The Seminar followed up on the theme of a similar meeting the Association organised in early 2021, discussions pinpointing a number of energy transformation aspects for Polish cities and towns. The subject proposed by the Association of Polish Cities proved to be extraordinarily attractive: the seminar was attended by over 3,000 participants, mostly local government officials and municipal authority staff members. Energy remains a critical local governance component in towns and cities: while converting conventional power plants into modern facilities produces desirable ecological effects, economic benefits are another, far more important factor. Municipalities are making efforts to transform and organise local energy solutions in ways reducing local community electricity bills.
Seminar participants were reminded that Poland is under obligation to deliver European Union energy-related goals defined for the period closing in the year 2030. As EU member state, we have committed i.a. to reducing greenhouse gas emissions by 40% against 1990 levels.
During this second Seminar with an energy theme focus held on 9 September, greater importance was attached to matters of practical experience and implementing new and more environment-friendly solutions.
The European Union and Polish government alike are pursuing climate crisis prevention policies. The EU has announced its “European Green Deal” strategy aspiring to climate neutrality by the year 2050, while the “Energy Policy for Poland” document adopted by the Polish government outlines a very specific transformation framework for Polish municipalities.
Notably, the “Energy Policy until the Year 2040” adopted by the Polish government on 2 February 2021 rests upon three pillars. The first pillar – fair transformation – assumes coal region transformation, reduction in energy poverty, and development of new RES- and nuclear energy-based industry sectors.
A zero-emission energy system is the Policy’s second pillar, basing on offshore wind energy (11 GW by the year 2040), nuclear energy (approximately 6-9 GW), and local and civic energy. Herein, the government assumes an increase in the share of consumers actively participating in the energy market, development of 300 sustainable energy areas, and as many as 1 million prosumers by the year 2030.
Good air quality is the energy Policy’s third pillar. The government has assumed district heating sector transformation: the use of coal will be abandoned in individual heating systems (in urban and rural areas by the years 2030 and 2040, respectively); smokeless fuel will be fully in use by 2040; district heating will evolve in urban areas; by the year 2030, the number of households connected to district heating systems will have grown by 1.5 million. Further effects will be produced by an increase in the number of zero-energy buildings (3 million household heat sources to be replaced and 1,000 low-emission public utility buildings to open by the year 2030), and zero-emission transport: the development of electromobility. It has been assumed that as of the year 2025, zero-emission public transport vehicles will be the only ones purchased by cities with a population over 100,000. From 2030 onwards, public transport will operate zero-emission vehicles only. Furthermore, the government intends to increase the share of RES-based solutions across all sectors and technologies.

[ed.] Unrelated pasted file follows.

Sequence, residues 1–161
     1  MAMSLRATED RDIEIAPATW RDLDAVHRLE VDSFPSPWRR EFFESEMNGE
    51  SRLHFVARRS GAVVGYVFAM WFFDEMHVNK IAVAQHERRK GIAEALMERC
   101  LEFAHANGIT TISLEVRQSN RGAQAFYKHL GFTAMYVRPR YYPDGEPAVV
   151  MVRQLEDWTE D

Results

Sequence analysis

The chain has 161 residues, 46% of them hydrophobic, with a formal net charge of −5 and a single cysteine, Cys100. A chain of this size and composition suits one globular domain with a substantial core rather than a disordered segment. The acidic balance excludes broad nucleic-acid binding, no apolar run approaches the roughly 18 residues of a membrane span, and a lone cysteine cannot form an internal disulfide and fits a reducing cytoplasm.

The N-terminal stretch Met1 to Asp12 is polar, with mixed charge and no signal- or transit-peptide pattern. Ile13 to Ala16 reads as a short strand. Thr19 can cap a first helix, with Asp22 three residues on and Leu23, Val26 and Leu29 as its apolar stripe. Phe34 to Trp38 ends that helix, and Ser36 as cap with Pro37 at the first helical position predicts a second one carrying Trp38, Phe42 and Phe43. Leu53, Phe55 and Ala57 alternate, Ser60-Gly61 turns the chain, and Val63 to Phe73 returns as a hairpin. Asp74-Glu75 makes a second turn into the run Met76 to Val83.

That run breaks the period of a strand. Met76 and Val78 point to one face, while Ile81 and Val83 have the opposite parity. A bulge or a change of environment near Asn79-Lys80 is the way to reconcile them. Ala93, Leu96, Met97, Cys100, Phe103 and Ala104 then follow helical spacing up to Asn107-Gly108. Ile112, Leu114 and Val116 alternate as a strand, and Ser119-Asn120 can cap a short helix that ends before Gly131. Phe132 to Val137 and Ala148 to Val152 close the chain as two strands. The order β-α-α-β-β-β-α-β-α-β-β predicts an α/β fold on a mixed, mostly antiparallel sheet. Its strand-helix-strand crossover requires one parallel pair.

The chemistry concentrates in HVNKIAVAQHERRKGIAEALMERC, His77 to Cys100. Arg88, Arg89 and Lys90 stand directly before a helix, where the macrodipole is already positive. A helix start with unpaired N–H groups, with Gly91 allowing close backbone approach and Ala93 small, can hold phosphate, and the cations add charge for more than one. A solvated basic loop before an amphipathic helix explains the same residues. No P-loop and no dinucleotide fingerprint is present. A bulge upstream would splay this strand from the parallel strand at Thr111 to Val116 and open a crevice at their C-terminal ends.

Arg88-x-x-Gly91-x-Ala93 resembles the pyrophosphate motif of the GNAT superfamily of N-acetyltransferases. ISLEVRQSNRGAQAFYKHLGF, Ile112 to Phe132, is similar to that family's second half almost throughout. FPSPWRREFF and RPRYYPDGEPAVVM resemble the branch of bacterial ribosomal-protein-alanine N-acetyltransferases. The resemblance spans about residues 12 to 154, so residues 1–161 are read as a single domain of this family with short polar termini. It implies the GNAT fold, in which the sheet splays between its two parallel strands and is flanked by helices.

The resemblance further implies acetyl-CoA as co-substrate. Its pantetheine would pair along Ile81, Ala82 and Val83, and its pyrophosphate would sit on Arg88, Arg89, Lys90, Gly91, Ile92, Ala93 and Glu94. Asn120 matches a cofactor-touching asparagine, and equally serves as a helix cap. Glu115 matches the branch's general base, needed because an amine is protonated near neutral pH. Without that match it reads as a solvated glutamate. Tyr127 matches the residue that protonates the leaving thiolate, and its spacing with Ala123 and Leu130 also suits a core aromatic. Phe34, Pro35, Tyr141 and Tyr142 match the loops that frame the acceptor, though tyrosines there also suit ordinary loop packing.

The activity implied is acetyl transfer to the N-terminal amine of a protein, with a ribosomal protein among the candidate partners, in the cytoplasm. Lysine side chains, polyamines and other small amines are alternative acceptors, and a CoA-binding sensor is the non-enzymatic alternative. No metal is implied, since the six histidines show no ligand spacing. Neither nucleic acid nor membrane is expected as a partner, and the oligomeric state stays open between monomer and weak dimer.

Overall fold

The focal theme of the September Seminar was well embedded in increased climate crisis awareness. “We are faced with change of truly qualitative proportions: such matters used to be deliberated by experts, decisionmakers nodding in agreement. Today, decisionmakers are not the only ones mindful to the crisis: we as local residents are aware of it as well,” said Tomasz Potkański, Deputy Director of the Association of Polish Cities Office during the meeting. “When planning to light a fire in my own fireplace, for example, I begin by checking if I can do so on the given day – Podkowa Leśna, the town I live in, has passed a relevant resolution already, and I have every intention of respecting it.”
By the year 2030, coal is to be abolished as household fuel in Polish towns and cities. This means that other solutions – RES-based, for example – will have to be introduced. All-embracing district heating system development has been planned for urban areas: 1.5 million users are to be connected to the grid, and 3 million household heating systems replaced. The share of RES in electricity generation, district heating and transport is to reach 32%.
This merits the following questions: will cities and towns be able to meet all challenges; what conditions they will have to meet; and which technologies will be recognised as most beneficial. Consequently, local governments will soon face the necessity to seek measures basing on renewable, clean, green technologies. Furthermore, it would be important for all solutions to take advantage of and stimulate local urban potential.
These and other questions and issues were raised during the Association of Polish Cities Seminar. Experts and practitioners talked i.a. about the importance and use of RES, the impact of biomass incineration on air quality, and funding projects employing RES technologies. Good practices involving the comprehensive approach to energy transformation in Krosno were shared. Janusz Fic, President of the Board of MPGK (Municipal Services Company) KROSNO spoke i.a. of a conventional combined heat and power plant using RES, an ORC-based heat and electricity generation technology using local biomass resources, and the use of biogas and hydro-energy.
It is noteworthy that the series of seminars is delivered as part of the “Local Development” Programme implemented by the Ministry of Development Funds and Regional Policy within the framework of the 3rd edition of Norway and European Economic Area Grants.